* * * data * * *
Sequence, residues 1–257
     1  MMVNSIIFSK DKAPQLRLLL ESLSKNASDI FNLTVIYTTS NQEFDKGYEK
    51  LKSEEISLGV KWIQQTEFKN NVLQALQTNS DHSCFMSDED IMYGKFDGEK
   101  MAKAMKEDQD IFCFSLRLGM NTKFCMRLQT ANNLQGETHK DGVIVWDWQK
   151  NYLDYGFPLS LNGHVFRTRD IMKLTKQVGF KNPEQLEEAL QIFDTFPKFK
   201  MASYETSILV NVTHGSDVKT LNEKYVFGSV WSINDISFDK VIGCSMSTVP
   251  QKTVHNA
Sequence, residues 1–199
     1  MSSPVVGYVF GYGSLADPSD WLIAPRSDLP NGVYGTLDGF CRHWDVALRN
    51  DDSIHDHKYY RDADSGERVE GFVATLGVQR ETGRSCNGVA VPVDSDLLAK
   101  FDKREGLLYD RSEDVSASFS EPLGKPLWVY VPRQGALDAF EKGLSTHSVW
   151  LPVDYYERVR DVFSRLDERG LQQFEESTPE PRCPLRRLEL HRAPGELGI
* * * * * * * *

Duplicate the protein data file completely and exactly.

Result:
Sequence, residues 1–257
     1  MMVNSIIFSK DKAPQLRLLL ESLSKNASDI FNLTVIYTTS NQEFDKGYEK
    51  LKSEEISLGV KWIQQTEFKN NVLQALQTNS DHSCFMSDED IMYGKFDGEK
   101  MAKAMKEDQD IFCFSLRLGM NTKFCMRLQT ANNLQGETHK DGVIVWDWQK
   151  NYLDYGFPLS LNGHVFRTRD IMKLTKQVGF KNPEQLEEAL QIFDTFPKFK
   201  MASYETSILV NVTHGSDVKT LNEKYVFGSV WSINDISFDK VIGCSMSTVP
   251  QKTVHNA
Sequence, residues 1–199
     1  MSSPVVGYVF GYGSLADPSD WLIAPRSDLP NGVYGTLDGF CRHWDVALRN
    51  DDSIHDHKYY RDADSGERVE GFVATLGVQR ETGRSCNGVA VPVDSDLLAK
   101  FDKREGLLYD RSEDVSASFS EPLGKPLWVY VPRQGALDAF EKGLSTHSVW
   151  LPVDYYERVR DVFSRLDERG LQQFEESTPE PRCPLRRLEL HRAPGELGI